Palmiste marron (Hyophorbe verschaffeltii)

Also known as: Rodrigues bottle palm, spindle palm
  
French: Palmiste Marron
KingdomPlantae
PhylumTracheophyta
ClassLiliopsida
OrderArecales
FamilyPalmae
GenusHyophorbe (1)
SizeHeight: up to 12 m (2)
Trunk height: 6 - 9 m (2)
Trunk diameter: 25 - 45 cm (2)

Classified as Critically Endangered (CR) on the IUCN Red List (1).

The palmiste marron is a solitary palm with a distinctive grey, spindle-shaped trunk that bulges in the middle (2) (3) (4) (5) and has ring-like markings (6). A smooth, waxy, bluish-grey crownshaft, up to 90 centimetres tall and swollen at the base, emerges from the top of the trunk (2) (4). The leaves of the palmiste marron are large, at 1.8 to 3 metres in length, and pinnate, with 30 to 50 pairs of rigid, dark green leaflets which measure around 60 to 80 centimetres in length (2) (3). The leaf stalk is yellow (3).

The palmiste marron is endemic to the island of Rodrigues, in the Indian Ocean, where it occurs in only 17 locations, including Grand Montagne, Anse Quitor and Ravine de la Cascade, St Louis (1) (5) (7) (8).

This palm is reported to occur in scrub forests and savannas, and to grow in limestone areas (1) (2).

The palmiste marron is monoecious, bearing both male and female flowers on the same plant (2) (3) (4) (8). The yellow flowers are unisexual (each flower possessing either male or female reproductive organs) and arranged in inflorescences that emerge from long, upward-pointing, horn-like bracts on the upper part of the trunk (2) (3). The flowers are said to have a sweet, delicate fragrance (6). The fruit of the palmiste marron is a rounded drupe, 2.5 centimetres wide, and is black when ripe (2) (3) (5).

Although widely cultivated as an ornamental palm (1) (5) (7), the palmiste marron is the second rarest palm on Rodrigues, with fewer than 60 individuals left in the wild, and little if any natural regeneration occurring on the island (1) (7) (8). The main threats to the species are overgrazing by cows, sheep and goats, as well as invasion by non-native plants, high levels of seed predation by rats, and severe fragmentation of the population (1) (7) (8). With such a tiny population, events such as cyclones can also have catastrophic effects on this palm (8). Although the palmiste marron is being increasingly cultivated on Rodrigues, to be planted as part of a habitat restoration project, there is a threat of hybridisation with Hyophorbe lagenicaulis, which has been introduced from Round Island (1) (7) (8).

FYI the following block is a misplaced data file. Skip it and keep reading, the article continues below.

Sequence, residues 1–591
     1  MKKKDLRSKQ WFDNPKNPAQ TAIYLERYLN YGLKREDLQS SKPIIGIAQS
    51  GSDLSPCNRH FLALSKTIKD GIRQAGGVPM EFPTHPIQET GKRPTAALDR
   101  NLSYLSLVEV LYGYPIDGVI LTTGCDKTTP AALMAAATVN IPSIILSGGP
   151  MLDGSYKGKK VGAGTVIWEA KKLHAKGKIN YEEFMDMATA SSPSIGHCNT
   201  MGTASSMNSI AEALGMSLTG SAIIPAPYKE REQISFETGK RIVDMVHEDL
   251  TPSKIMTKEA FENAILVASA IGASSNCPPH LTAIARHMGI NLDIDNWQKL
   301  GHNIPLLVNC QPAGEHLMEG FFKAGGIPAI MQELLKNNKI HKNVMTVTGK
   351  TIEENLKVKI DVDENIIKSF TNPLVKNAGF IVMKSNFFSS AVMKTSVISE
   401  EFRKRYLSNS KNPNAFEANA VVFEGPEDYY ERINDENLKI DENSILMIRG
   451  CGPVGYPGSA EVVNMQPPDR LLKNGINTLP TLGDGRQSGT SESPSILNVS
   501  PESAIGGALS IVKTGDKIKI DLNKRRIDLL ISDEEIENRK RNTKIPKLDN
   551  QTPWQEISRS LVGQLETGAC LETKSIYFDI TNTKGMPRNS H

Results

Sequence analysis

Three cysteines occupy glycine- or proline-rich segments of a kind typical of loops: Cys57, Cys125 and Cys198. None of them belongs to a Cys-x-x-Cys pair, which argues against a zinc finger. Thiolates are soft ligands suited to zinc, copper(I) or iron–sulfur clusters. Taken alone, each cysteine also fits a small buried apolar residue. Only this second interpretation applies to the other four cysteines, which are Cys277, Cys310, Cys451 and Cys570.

Conservation measures recommended for the palmiste marron and other endemic palms of the Mascarene Islands include fencing and weeding of areas of native forest to protect the remaining wild palms, as well as propagating species and re-introducing them into the wild, and undertaking further biological research (7) (8). It will also be important to involve local communities, with education programmes, incentives from tourism and palm plantations, and stricter laws for cutting down palms (7). The palmiste marron needs to be protected from hybridisation with closely-related palm species, and legislation is needed to ban the introduction of non-native palms to Rodrigues. Palms that have already been introduced will also need to be removed, although this has proved difficult to date because most are being grown in private gardens (7). Without a long-term conservation programme, this unique and Critically Endangered palm is in great danger of becoming extinct in the wild (8).

To find out more about palms and their conservation see:

Authenticated (24/03/10) by Dr Bill Baker, Royal Botanic Gardens, Kew.
http://www.palmweb.org/,
http://www.eunops.org/

  1. IUCN Red List (May, 2009)
    http://www.iucnredlist.org/
  2. Riffle, R.L. (2008) Timber Press Pocket Guide to Palms. Timber Press, Portland, Oregon.
  3. Baker, J.G. (1877) Flora of Mauritius and the Seychelles. L. Reeve, London.
  4. Llamas, K.A. (2003) Tropical Flowering Plants: A Guide to Identification and Cultivation. Timber Press, Portland, Oregon.
  5. Ellison, D. and and Ellison, A. (2001) Cultivated Palms of the World. UNSW Press, Sydney.
  6. Royal Horticultural Society: Tropical palm flowers for first time (May, 2009)
    http://www.rhs.org.uk/News/
  7. Johnson, D. (1996) Palms: Their Conservation and Sustained Utilisation. IUCN/SSC Palm Specialist Group, IUCN, Gland.
  8. Maunder, M., Page, W., Mauremootoo, J., Payendee, R., Mungroo, Y., Maljkovic, A., Vericel, C. and Lyte, B. (2002) The decline and conservation management of the threatened endemic palms of the Mascarene Islands. Oryx, 36: 56 - 65.